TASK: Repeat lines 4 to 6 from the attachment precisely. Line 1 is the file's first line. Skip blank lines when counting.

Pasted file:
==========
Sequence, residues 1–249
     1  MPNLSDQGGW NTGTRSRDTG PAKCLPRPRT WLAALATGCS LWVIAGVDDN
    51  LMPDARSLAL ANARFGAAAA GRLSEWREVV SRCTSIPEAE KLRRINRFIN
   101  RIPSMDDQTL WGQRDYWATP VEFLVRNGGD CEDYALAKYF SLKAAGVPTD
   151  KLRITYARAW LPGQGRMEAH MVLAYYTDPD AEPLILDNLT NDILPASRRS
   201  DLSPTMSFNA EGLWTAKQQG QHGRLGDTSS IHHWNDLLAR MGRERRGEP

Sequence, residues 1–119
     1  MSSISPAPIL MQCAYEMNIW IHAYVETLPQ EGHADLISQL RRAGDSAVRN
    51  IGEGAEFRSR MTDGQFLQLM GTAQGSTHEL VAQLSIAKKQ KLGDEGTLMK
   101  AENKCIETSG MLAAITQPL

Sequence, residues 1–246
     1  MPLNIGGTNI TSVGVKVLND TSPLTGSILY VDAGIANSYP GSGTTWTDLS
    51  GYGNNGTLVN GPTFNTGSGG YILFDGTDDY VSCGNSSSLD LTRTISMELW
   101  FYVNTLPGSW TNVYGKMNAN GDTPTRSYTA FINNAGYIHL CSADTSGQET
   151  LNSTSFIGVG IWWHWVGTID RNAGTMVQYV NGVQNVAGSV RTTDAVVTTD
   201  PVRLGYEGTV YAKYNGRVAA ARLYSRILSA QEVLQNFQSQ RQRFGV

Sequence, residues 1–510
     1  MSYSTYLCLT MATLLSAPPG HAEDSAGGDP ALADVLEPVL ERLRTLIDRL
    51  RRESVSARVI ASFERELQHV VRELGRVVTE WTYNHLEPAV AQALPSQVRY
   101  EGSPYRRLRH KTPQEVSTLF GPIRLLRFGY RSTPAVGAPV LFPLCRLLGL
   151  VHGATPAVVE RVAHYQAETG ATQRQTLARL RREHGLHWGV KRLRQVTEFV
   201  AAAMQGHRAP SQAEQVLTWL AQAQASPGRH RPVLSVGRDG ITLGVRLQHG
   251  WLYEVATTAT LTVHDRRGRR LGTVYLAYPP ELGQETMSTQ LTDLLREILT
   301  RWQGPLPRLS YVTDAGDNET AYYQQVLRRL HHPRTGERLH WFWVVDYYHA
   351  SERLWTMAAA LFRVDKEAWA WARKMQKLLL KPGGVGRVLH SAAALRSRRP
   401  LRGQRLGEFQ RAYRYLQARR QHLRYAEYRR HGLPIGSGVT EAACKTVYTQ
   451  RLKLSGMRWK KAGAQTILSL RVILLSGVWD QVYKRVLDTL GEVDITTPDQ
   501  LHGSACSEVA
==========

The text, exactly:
   101  RIPSMDDQTL WGQRDYWATP VEFLVRNGGD CEDYALAKYF SLKAAGVPTD
   151  KLRITYARAW LPGQGRMEAH MVLAYYTDPD AEPLILDNLT NDILPASRRS
   201  DLSPTMSFNA EGLWTAKQQG QHGRLGDTSS IHHWNDLLAR MGRERRGEP